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As Opioid Epidemic Surges, Medical Schools Try To Keep Pace

Between 1999 and 2014, the number of deaths in the U.S. from prescribed opioids quadrupled. Meanwhile medical students were getting very little training on how to spot patients who are at risk for addiction, or how to treat it.
Matt Lincol
Getty Images/Cultura Exclusive
Between 1999 and 2014, the number of deaths in the U.S. from prescribed opioids quadrupled. Meanwhile medical students were getting very little training on how to spot patients who are at risk for addiction, or how to treat it.

Jonathan Goodman can recall most of the lectures he has attended at the Stanford University School of Medicine. He can recite detailed instructions given more than a year ago about how to conduct a physical.

But at the end of his second year, the 27-year-old M.D.-Ph.D. student could not remember any class dedicated to addiction medicine. Then he recalled skipping class months earlier. Reviewing his syllabus, he realized he had missed the sole lecture dedicated to that topic.

"I wasn't tested on it," Goodman says, with a note of surprise.

Americans are overdosing on opioids such as heroin and prescribed painkillers at epidemic rates, and the nation's doctors appear to be inadequately prepared to help.

The problem begins in medical school.

A report in 2012 by The National Center on Addiction and Substance Abuse revealed that medical schools devoted little time to teaching addiction medicine — only a few hours over the course of four years. Since then, the number of Americans overdosing from prescribed opioids has surpassed 14,000 per year, quadrupling from 1999 to 2014.

But Stanford's medical school may offer an example of what faculty-driven change in teaching about addiction can look like.

The school began retooling its curriculum after the director of its addiction medicine fellowship, Dr. Anna Lembke, expressed concern about its meager offerings in that field.

Lectures on addiction will no longer be folded into the psychiatry series as a side note, but instead will be presented as a separate unit relevant to future doctors in any subspecialty, Lembke says. And that training will continue when the students leave the classrooms for clinical rotations.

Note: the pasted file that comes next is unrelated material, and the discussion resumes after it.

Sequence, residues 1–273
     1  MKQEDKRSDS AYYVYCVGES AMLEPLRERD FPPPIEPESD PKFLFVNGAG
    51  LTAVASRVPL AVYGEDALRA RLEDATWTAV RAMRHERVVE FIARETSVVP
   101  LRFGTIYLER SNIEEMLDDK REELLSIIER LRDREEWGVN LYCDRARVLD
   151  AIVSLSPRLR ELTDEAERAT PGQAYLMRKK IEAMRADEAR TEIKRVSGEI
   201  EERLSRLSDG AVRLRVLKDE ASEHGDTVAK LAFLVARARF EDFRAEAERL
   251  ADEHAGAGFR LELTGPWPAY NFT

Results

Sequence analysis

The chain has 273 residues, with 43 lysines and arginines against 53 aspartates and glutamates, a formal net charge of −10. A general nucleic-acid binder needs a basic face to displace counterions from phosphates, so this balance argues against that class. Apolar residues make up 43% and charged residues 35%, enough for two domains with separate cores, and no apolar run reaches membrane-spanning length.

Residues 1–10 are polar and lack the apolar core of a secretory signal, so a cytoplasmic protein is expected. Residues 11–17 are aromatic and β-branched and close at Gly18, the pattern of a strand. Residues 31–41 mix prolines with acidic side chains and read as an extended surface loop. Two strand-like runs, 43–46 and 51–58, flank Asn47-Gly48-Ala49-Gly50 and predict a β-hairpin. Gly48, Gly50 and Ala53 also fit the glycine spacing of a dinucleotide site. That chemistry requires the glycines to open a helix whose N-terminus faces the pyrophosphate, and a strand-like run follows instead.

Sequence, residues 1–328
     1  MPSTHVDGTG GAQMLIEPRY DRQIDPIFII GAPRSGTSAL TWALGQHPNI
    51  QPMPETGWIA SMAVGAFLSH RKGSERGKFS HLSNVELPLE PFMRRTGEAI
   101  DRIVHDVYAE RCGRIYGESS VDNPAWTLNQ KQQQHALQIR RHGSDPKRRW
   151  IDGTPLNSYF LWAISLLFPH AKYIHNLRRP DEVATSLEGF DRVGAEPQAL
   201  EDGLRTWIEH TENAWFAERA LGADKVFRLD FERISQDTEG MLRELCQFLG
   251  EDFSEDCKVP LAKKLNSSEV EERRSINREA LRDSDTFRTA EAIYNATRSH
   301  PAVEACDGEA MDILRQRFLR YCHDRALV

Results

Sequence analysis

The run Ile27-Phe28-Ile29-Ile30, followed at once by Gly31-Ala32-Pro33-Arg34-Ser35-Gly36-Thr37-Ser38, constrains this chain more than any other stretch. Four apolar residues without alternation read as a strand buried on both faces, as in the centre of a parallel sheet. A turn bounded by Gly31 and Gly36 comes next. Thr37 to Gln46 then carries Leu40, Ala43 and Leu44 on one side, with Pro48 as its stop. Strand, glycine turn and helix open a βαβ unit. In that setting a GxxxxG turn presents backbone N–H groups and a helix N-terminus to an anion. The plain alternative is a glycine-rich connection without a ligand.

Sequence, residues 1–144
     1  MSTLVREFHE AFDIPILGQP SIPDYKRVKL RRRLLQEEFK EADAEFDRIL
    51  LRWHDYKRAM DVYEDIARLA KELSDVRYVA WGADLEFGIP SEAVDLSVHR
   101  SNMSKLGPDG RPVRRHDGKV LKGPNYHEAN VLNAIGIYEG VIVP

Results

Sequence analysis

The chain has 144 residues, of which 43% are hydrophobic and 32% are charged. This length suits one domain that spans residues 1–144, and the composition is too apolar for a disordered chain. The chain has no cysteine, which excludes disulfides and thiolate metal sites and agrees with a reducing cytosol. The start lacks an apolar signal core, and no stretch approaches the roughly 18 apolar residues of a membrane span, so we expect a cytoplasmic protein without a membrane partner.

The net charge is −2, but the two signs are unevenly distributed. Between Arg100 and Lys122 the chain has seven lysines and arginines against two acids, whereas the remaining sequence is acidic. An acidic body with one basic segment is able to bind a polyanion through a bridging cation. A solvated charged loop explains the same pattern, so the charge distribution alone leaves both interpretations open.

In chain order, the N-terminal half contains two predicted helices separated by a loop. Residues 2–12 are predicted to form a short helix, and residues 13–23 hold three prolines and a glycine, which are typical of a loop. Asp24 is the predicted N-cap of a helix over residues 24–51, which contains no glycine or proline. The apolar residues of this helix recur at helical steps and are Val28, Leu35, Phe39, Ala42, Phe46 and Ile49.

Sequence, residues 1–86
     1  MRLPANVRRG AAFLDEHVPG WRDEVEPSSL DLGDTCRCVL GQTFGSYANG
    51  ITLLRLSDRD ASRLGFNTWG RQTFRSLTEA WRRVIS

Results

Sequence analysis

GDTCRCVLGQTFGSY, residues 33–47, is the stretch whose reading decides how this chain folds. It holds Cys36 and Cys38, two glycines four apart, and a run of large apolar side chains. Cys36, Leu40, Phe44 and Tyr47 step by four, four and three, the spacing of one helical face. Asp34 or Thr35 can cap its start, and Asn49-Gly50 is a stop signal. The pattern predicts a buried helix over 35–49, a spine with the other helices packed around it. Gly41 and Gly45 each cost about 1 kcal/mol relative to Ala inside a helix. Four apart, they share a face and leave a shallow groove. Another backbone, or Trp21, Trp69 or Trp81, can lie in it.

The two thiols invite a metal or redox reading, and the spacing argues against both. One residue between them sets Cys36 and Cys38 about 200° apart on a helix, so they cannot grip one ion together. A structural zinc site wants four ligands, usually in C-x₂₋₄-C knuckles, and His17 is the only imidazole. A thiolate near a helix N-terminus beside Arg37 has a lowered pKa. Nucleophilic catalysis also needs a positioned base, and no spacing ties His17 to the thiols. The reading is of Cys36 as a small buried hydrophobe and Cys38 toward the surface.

"We're at the very bottom of a very long uphill road," says Lembke, who gave the lecture Goodman missed.

Medical faculties have traditionally eschewed teaching the subject, in part because many physicians viewed addiction as a personal vice rather than a disease. And, even now, some doctors who specialize in addiction treatment are skeptical that the best care for the problem comes out of a medical model.

For example, Dr. Joe Gerstein, a retired internist and clinical assistant professor at Harvard Medical School, is founding president of SMART Recovery, an international program that emphasizes cognitive behavioral therapy and positive thinking to help people beat their drug habit.

"Clearly, if you've got an addiction, you've been making a lot of bad choices," says Gerstein. Framing substance abuse strictly as a disease ignores the fact that some people are able to quit their use of a drug with willpower, he says.

Still, those who believe in the value of medical treatment for addiction say it can no longer be an afterthought in medical education. Because the current opioid epidemic is largely linked to prescribed opioid painkillers, many doctors are being forced to grapple with addicted patients in their practices. In March, the American Board of Medical Specialties officially recognized addiction medicine as a subspecialty.

In a March report, the California Health Care Foundation cited inadequate medical school training as one of the challenges in treating patients addicted to opioids.

The White House has also been pressuring medical schools to improve instruction on opioid addiction by issuing pledges for schools to sign, promising to change their curricula. But as recently as April, Lembke hadn't yet heard of any concrete plans to change Stanford's curriculum.

In late spring, however, she was asked to meet with the dean of the medical school about bolstering education in addiction medicine. Working with fellow faculty members, Lembke is now expanding addiction medicine beyond the lone talk she gives on opioids each year to a series of lectures that recommend and teach alternative treatments for pain, like acupuncture or massage.

Lembke will also seek an endorsement of her fellowship program by the Accreditation Council of Graduate Medical Education. Accreditation can help programs get additional funding.

One of Lembke's Stanford colleagues, Dr. Jordan Newmark, who directs education in the medical school's pain division, is seeking to increase medical students' training on opioids in their third and fourth years. His plans for clinical training sessions include having actors portray patients with opioid addictions.

The next hurdle is to recruit doctors to specialize in addiction medicine, says Emily Feinstein, director of health law and policy at the National Center on Addiction and Substance Abuse.

Among the challenges in getting young doctors interested in the field, Feinstein says, are low insurance reimbursement rates and having to deal with patients who can be difficult behaviorally because of their drug use.

It's best to reach doctors at the start of their careers, Lembke says — before they've established a practice and get set in their ways.

This story was produced by Kaiser Health News, which publishes California Healthline, a service of the California Health Care Foundation.

Copyright 2023 Kaiser Health News. To see more, visit Kaiser Health News.

Natalie Jacewicz